OMG what have I done :(

Other camera people feel free to help da' bunny :)
I have a Canon EOS Rebel 2000 (film) with 2 lenses. One lens is the standard Canon 28-55 (or something like that). The other lens is a Tamron 70-300 tele-macro.

If I buy a Digital Rebel XT, will I be able to use these lenses with it?

THANKS!
Yep! Those are both EF lenses, which work with the Rebel XT. Just keep in mind that those lenses will be magnified by a factor of 1.6X because of the smaller sensor on the Rebel XT. That's good for your telephoto lens, but not so good for the wide angle on your 28-55.
Correct!

In addition, and this has absolutely nothing to do with your question ( :p ) you'll notice a HUGE difference between the viewfinder size and brightness in your Rebel 2000 if you move to the XT... the XT's is just a pain to look through :(
 

fuzzybabybunny

Moderator<br>Digital & Video Cameras
Moderator
Jan 2, 2006
10,455
33
91
Originally posted by: ultimatebob
Originally posted by: DurocShark
Originally posted by: Fritzo
When photographing our lovemaking sessions, we get a lot of motion blur. Also ass pimples seem to show up really well. Can you suggest a lens that will soften butt acne but still allow for lots of movement?
Most manufacturers sell what's called a "soft focus" lens. Great for blemish removal in the camera instead of after processing.

As for motion blur, shens.

:p
Yeah, that sounded like more of a post-processing problem than a lens problem. Unfortunately, we're going to need some sample photos before we can give any specific advice.
From our very own episodic: http://pixelessence.net/content/view/14/35/
 

virtuamike

Diamond Member
Oct 13, 2000
7,845
13
81
Originally posted by: fuzzybabybunny
Originally posted by: yllus
Okay, here are some Rebel XT specific questions.

1. What light metering mode do you typically use? I'm thinking partial metering is going to be the best for the most part, since evaluative and center-weighted averaging will both dull the pictures if there's a significant contrast between the light on the subject and what surrounds it.

2. How often are you completely in manual mode, as opposed to shutter/aperture priority?
1. I just use the regular evaluative metering. To tell you the truth, I'm not quite sure what the pros vs. cons of the different metering modes are. Could someone chime in on this?

2. I hardly ever shoot in full manual unless I'm using an external flash, or when I'm taking a picture of the moon. All other times I'm in aperture priority but I make constant use of the exposure compensation bar.
Metering modes depend on your subject. For landscapes and the like where exposure of the entire scene is your goal, then go with evaluative. If you do portrait or macro work where exposure of your subject matters more than exposure of your background, then go with center weighted and lock your exposure on your subject prior to composing and focusing. And if you're a zone nut, then obviously go with spot metering.

Me, I'm manual mode almost all the time. Sometimes I'll use aperture priority for event coverage, but it's rare.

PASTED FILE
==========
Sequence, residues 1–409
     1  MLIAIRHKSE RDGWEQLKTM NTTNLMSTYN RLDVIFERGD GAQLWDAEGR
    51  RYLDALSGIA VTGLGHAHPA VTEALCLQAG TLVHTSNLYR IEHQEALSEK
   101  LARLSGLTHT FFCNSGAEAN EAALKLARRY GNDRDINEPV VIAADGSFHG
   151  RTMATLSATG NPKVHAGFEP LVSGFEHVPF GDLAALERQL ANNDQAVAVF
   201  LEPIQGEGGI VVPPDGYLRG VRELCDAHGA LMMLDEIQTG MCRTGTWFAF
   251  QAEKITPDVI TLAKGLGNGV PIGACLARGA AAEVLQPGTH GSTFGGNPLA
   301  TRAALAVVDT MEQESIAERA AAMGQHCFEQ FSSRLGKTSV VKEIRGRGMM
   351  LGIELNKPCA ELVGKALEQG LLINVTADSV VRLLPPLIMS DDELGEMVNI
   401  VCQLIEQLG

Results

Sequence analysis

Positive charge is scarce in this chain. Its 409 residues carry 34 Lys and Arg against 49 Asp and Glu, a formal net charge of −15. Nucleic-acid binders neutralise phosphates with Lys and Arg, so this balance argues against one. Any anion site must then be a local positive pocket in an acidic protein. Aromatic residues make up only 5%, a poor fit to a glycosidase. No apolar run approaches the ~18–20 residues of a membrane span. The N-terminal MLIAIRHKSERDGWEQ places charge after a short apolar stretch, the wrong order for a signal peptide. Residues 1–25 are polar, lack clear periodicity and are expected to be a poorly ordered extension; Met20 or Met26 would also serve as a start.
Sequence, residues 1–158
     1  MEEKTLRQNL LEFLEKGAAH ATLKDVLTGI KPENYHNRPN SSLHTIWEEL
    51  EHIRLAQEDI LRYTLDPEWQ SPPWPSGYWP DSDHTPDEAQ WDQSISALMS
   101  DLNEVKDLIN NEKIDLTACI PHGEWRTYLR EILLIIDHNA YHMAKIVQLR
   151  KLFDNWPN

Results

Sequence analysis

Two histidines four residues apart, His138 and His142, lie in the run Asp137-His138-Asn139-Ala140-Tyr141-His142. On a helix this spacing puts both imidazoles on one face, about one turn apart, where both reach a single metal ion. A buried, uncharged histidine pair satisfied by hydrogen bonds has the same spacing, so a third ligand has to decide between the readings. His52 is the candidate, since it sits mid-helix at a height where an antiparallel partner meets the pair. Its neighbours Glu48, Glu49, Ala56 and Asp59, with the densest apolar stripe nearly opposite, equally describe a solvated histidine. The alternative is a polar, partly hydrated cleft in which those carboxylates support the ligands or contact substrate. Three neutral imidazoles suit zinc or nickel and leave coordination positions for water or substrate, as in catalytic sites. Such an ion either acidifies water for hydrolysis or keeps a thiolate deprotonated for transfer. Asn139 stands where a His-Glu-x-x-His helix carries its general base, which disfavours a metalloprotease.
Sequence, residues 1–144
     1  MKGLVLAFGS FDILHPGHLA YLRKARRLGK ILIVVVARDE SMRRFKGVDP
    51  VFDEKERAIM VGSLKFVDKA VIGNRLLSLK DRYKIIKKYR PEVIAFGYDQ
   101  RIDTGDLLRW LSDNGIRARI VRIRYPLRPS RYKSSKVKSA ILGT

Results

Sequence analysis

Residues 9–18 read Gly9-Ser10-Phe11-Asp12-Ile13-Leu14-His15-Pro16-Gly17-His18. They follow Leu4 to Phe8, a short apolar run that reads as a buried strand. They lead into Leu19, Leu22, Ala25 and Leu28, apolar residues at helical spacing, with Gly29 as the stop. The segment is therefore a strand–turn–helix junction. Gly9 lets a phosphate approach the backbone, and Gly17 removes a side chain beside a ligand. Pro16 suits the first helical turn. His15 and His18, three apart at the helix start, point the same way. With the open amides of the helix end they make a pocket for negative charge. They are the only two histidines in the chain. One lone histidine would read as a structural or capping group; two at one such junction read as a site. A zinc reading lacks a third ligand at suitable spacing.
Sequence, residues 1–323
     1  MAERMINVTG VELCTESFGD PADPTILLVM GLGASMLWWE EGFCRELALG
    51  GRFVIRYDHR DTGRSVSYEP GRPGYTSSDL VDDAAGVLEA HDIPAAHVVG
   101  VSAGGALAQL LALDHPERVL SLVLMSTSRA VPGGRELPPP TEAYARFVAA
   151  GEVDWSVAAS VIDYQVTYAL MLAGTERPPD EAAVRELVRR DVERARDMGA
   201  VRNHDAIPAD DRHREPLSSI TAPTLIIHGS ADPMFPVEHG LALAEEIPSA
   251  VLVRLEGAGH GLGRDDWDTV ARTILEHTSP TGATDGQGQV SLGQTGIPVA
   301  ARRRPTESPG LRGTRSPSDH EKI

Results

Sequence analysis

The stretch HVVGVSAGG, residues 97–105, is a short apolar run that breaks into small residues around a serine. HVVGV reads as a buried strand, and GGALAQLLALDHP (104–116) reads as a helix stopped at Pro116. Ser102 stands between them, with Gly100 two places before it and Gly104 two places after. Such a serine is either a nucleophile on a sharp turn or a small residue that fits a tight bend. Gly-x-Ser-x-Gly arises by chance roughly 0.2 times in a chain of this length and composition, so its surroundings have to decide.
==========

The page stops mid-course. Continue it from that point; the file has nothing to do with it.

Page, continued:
virtuamike

Diamond Member
Oct 13, 2000
7,845
13
81
Originally posted by: ultimatebob
Why don't you have a wide-angle to zoom "all purpose" lens like a 17-85 in your collection? Doesn't changing lenses all the time get annoying?
It only gets annoying if you change lenses all the time (which for me is mainly event coverage). If I can afford to take the time to choose my lenses (often the case), then I go with my primes.
 

virtuamike

Diamond Member
Oct 13, 2000
7,845
13
81
Originally posted by: virtualgames0
Originally posted by: fuzzybabybunny
Originally posted by: ultimatebob
Why don't you have a wide-angle to zoom "all purpose" lens like a 17-85 in your collection? Doesn't changing lenses all the time get annoying?
By now, I can change lenses with my eyes closed due to all the practice I get.

The reasons why I don't have a lens such as this is:

1. I'm poor.
2. Primes are a lot brighter (larger aperture, lower f-number) than zooms, which means I can use them handheld in lower light conditions that zooms.
3. Pleasant depth of field at larger apertures.

I personally don't feel like I'm limited by primes. I'm perfectly happy zooming in with my feet and I enjoy the light weight of primes, as well as their sharpness.

I will eventually get a zoom like the above, but having used primes for so long, I actually feel no hurry to do so.
Prime users FTW!
I exclusively use my 16mm F/2.8 fisheye, 35mm F/2, 50mm F/1.4, and 135mm F/2.5
If I want supercloseup, I bring my 300mm F/4
Quality over quantity!
Nikon 17-55. Quality and quantity can coexist ;)

It's the only zoom I have. 35/1.4 AIS, 50/1.4 AF, 55/3.5 AIS macro, 85/1.4 AF, 105/1.8 AIS, and 180/2.8 AF. Anything else I need, I rent.
 

DurocShark

Lifer
Apr 18, 2001
15,708
5
56
Originally posted by: fuzzybabybunny

I use a Canon Rebel XT with a Sigma 30mm f/1.4, Canon 50mm f/1.8 mkII, Tamron 180mm, Sigma 50-500mm, and Sigma 10-20mm
That's in your sig. Let me recommend a much better lens (though a shorter zoom range) than the 50-500. The Sigma (also sold by Ritz rebadged as a Quantaray) 70-300 DL runs around $100. And it's an outstanding lens. Even sharper than the APO version that costs $250-300. Very slightly more chromatic aberration, but unnoticable except for extremely high contrast images. Like taking a photo of stadium lights. It worked perfectly for the surfing photography I used to do, including sunrise stuff. Back when I used a Minolta 7xi and 500si. (I'm all manual focus now, though.)

EDIT: Clarified "better".
 

ElFenix

Elite Member
Super Moderator
Mar 20, 2000
101,681
5,997
126
how is the sigma 10-20 f/4-5.6?

would it be a good pair to a tamron 28-75 f/2.8?
 

ASK THE COMMUNITY